To support Drive Change, the Public Works team used our Nonprofit Tune-Up tool to develop an understanding of the organization’s current capacity and financials, which allowed us to have discussions with Drive Change about where they were and where they wanted to go. From here, we dove into research on the hospitality industry in New York City and anti-racism trainings and programs. We developed a sense of the program delivery models that would work best for the hospitality industry, the price-points similar anti-racism programs were offered at, how they presented themselves, and their market. Business planning during the pandemic was a challenge, Aurelia said, “since rules regulating the hospitality industry were changing on an almost daily basis.” This was especially true for the HSJ program, which is geared entirely towards one of the industries that has been hit hardest by the pandemic. While protests calling for racial justice and systems reform added a sense of urgency to this work, Drive Change was sensitive to the ongoing crisis restaurants faced. “We were able to be really honest about our expectations and Public Works was able to really hear that and speak to the right people to inform the business plan in an authentic way,” Sarah said. Ultimately, we developed a business plan that relies on a sliding pay scale structure that meets the needs of different businesses through an anti-racist and equity lens.

4. Develop tools and benchmarks

Creating the right tools to gauge the success of your new business plan will ensure that the plan supports you as you move toward your goals. Make sure that the tools are practical and ready to use immediately. It is also helpful for the tools to be flexible and modified easily based on different considerations that could impact implementation. Developing clear benchmarks that are drawn from research into your organization’s outcomes as well as similar organizations in the field will establish achievable objectives along the way to your ultimate goals. Together, these tools and benchmarks will position you to measure successes and adapt as needed.

Public Works developed a set of tools that allows Drive Change to plug different scenarios in and test them out, which will allow them to develop projections on their own based on program participation, feedback, and outcomes. This was important to the Drive Change team because of rapidly changing circumstances in the hospitality industry and the new nature of the sliding pay scale model. The tool gave the team numbers that allowed them to jump right in, Sarah said, while giving them room to grow. 

5. Be flexible where it counts

Developing your business plan before you launch your program allows you to align every piece of planning with your goals and overall mission prior to launch, but it also means you may need to adjust based on actual programmatic outcomes. Identify areas that won’t change, and then develop options for what can. This will position you to make smart choices in real time, while preserving the most important components of the plan.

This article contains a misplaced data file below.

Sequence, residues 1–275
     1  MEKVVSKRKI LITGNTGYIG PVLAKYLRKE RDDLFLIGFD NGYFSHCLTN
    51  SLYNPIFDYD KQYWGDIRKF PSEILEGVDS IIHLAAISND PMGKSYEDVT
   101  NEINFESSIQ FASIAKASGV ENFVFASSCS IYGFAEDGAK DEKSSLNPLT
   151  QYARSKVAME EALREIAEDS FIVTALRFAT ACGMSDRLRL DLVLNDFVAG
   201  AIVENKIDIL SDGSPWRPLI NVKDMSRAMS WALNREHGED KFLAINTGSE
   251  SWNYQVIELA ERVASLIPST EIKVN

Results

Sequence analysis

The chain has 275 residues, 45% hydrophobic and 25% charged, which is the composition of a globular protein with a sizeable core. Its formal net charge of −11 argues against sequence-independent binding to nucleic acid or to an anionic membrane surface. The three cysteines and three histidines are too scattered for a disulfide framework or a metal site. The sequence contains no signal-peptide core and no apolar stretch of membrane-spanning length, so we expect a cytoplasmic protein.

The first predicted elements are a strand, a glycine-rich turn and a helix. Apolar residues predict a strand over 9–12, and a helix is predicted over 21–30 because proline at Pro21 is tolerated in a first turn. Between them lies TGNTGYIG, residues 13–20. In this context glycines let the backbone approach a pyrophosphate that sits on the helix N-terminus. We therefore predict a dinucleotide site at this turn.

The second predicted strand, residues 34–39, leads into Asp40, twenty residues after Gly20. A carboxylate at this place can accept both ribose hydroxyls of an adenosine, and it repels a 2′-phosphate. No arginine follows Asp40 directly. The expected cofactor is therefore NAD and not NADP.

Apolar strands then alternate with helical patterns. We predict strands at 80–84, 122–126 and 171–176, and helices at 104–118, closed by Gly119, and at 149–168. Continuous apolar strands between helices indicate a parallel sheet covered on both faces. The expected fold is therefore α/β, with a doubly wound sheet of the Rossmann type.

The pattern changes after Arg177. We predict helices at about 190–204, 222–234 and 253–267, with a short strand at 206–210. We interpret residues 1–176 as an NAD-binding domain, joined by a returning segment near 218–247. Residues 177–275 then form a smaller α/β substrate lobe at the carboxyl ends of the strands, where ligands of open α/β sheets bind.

Our work positioned Drive Change to develop and launch the HSJ program with confidence and the knowledge that their program was offered at price points that would work for their prospective clients. Now that they’ve registered the first cohort, which is made up of an exciting mix of hospitality industry leaders and innovators, Drive Change is ready to review the business plan, flesh out the program budget, and adjust to make sure they can continue to use the tool as effectively and efficiently as possible.

Wren the pup at Sweet Generation's new location

Wren the pup at Sweet Generation’s new location in Bushwick, Brooklyn

Public Works was also engaged to build a business plan for Sweet Generation, another social enterprise focused on the hospitality industry and supported by CJII. While Sweet Generation’s goals and audience differed from Drive Change’s, the Public Works team followed the same five steps to understand their needs and design a business plan that uniquely advances their goals. Sweet Generation just opened a new location in Bushwick (with a grand opening the last weekend in February!), and they will use their business plan to expand service offerings and fully utilize their expanded space.         



“The opportunity to work with Drive Change and Sweet Generation to create business plans was a privilege, and deeply meaningful because of their missions and the context for this work – a global health pandemic and racial reckoning in the United States. We worked in partnership to position these social enterprises to stay true to their values and operate sustainable businesses” Aurelia, who managed both projects, said. “I’m grateful that my team at Public Works has the opportunity to work on urgent issues with mission-driven organizations, and that we bring the knowledge and skills to support small businesses like Drive Change and Sweet Generation to ensure their viability.” 

Is your mission-driven business plan everything you need it to be? Assess your plan using the steps outlined above, and then get in touch to discuss how Public Works can help you develop a business plan that meets your needs.